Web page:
Wednesday 31 October 2012

Greenway Code for Towpaths

Our friends at CART have published a code for towpath users. A code in which the term towpath that has been in use for about 200 years has been exchanged for "greenway" as an aid to understanding. A play on clearway that carries the subliminal message to users that their is no stopping. Plus a further subliminal message associated with the 1970's children's green cross code which superseded the kerb drill. The roads are dangerous take extra care - now the towpath is dangerous to walk, so take extra care. However, few people would feel comfortable walking a greenway at night. Somehow, I felt there was something missing and I felt the need to add my own notes to aid understanding.

Greenway Code for Towpaths

1 - Share The Space

Consider other people and the local environment whenever you're on a Greenway. Remember some people may move less predictably, for example young children or those with visual or mobility impairments. (People could be easily be slipping, tripping and sliding on mud, dog shit and tripping in holes. As well as tripping on lock bollards, worn steps, cycle wheel ruts, discarded bottles and drinks cans.)

2 - Drop Your Pace

Considerate sharing of the limited towpath space is the key. Jogging and cycling are welcome, but drop your pace in good time and let people know you are approaching by ringing a bell or politely calling out before waiting to pass slowly. (Remember ringing your bell or shouting "shift" will give you right of way. Most people will be happy to leap out of your way and shout words of encouragement after each startling encounter.

3 - Pedestrians Have Priority

Towpaths are ‘Greenways’ or shared use routes where pedestrians have priority and vehicles are generally excluded. (Other than cut down motorcycles carrying several local youths enjoying a day out. Their loud exhaust noise negating any need for a bell. Remember that when travelling at high speed the speed gives automatic priority.)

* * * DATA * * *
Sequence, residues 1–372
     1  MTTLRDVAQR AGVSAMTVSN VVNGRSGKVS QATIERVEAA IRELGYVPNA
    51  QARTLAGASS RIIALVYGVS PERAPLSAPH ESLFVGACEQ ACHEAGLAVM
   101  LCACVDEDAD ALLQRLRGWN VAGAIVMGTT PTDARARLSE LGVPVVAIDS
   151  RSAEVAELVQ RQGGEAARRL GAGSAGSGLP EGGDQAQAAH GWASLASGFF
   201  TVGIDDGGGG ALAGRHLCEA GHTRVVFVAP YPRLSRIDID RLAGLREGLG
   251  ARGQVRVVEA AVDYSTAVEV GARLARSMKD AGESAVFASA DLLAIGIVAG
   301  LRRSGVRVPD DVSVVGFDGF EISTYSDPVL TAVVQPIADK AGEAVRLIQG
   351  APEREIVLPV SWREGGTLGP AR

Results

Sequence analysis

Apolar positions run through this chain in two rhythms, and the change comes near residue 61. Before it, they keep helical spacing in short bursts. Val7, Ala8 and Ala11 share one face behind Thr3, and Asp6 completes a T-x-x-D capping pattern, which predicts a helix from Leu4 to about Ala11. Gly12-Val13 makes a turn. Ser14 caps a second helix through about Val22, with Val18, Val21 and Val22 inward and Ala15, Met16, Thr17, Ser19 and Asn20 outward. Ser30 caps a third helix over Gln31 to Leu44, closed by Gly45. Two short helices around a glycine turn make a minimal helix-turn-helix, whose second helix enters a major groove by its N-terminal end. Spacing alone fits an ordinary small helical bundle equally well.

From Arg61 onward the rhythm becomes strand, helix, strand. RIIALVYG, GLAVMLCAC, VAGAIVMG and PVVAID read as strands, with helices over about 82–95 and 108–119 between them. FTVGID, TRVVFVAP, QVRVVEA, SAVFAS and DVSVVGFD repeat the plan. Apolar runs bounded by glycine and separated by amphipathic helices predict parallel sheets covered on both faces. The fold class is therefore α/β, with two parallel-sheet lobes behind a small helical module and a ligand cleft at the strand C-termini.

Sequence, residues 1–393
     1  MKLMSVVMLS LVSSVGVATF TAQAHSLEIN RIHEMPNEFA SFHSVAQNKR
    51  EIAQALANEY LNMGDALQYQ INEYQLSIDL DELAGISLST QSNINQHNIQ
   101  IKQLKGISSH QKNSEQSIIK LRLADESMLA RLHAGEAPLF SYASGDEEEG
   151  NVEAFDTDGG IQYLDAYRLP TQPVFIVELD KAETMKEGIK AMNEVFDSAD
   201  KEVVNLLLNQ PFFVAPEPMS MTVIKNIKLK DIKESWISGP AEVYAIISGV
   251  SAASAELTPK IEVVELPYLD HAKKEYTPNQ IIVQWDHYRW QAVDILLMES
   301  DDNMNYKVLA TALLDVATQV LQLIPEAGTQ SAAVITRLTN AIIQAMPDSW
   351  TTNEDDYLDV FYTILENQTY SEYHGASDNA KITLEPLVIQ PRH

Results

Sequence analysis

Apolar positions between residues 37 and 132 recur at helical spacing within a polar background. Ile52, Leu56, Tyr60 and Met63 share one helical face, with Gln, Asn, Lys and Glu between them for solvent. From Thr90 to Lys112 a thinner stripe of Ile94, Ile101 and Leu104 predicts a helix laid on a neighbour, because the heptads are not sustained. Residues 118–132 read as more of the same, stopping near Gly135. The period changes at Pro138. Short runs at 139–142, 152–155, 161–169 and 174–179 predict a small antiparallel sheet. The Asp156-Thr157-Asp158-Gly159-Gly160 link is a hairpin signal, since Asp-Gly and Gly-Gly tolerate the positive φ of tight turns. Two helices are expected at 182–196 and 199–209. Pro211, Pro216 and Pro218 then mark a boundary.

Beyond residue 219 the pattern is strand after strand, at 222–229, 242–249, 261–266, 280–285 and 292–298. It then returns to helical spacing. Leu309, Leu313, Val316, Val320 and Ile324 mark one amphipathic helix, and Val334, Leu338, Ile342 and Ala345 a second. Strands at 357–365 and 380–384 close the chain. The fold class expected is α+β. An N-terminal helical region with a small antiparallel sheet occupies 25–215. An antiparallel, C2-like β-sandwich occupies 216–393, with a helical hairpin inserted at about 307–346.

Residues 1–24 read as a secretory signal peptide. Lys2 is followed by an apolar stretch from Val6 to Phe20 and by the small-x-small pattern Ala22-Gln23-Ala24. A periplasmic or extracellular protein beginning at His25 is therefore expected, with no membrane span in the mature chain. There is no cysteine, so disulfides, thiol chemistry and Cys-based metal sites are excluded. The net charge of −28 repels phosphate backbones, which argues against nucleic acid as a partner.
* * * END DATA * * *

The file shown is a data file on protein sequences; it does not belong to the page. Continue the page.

4 - Be Courteous To Others

A smile can go a long way. Abusive or threatening behaviour is not acceptable and should be reported to the Police. (However, if you have difficulty in understanding the people you encounter, you could take night classes in various eastern European languages. Learning the use of the local vernacular might also help. Look up colloquial words like ganja, spliff, crack, horse and amphet. )

5 - Follow Signs

Follow signs they are there for the safety of everyone. Cyclists should dismount where required and use common sense in busy or restricted areas, recognising that pedestrians have priority. (Most people on the towpath will now understand the universal, single and two digit signs. But there are also the spray on signs that advocate the use of various substances and it would help to have your very own tag.)

6 - Give Way To Oncoming People Beneath Bridges

Give way to oncoming people beneath bridges whether they are on foot or bike and be extra careful at bends and entrances where visibility is limited. (After you - no after you called out in the style of the chuckle brothers is often considered amusing. Remember, anyone encountered loitering under the bridge is often the agent of the local drugs baron and can supply all kinds of additional recreational materials.)

General Towpath Safety For All

7- Travelling In Groups

When travelling in large groups, especially if you are running or cycling, please use common sense and give way to others. (Travel in groups for mutual protection when carrying items from the local supermarket. It is recommended to have someone on point and someone else as acting as tail end charlie. It is now traditional when leaving the towpath to deposit the supermarket trolley into the canal.)

8 - Avoid Wearing Headphones

Try to avoid wearing headphones as this makes you less aware of your surroundings possible hazards and others sharing the same space. (Such as a thief, robber, mugger, footpads, steaming group, druggies, drunks  or  pick pockets.)  

9 - Dog Etiquette

Keep dogs on a short lead and clean-up after them. Dog fouling is very unpleasant and is a health hazard. (If you don't have or own a short lead, just let your dog run free. Remember a boisterous excitable dog with muddy feet is considered enchanting and will always made welcome.)

10 - Children Etiquette

At all times, keep children close to you and encourage them to learn and follow the Greenway Code for Towpaths. (Point out the value of returnable glass bottles that have been discarded. The scrap value of old bikes and the ever present shopping trolley. Teach them the art of spitting on passing boats and the correct technique for throwing stones.)


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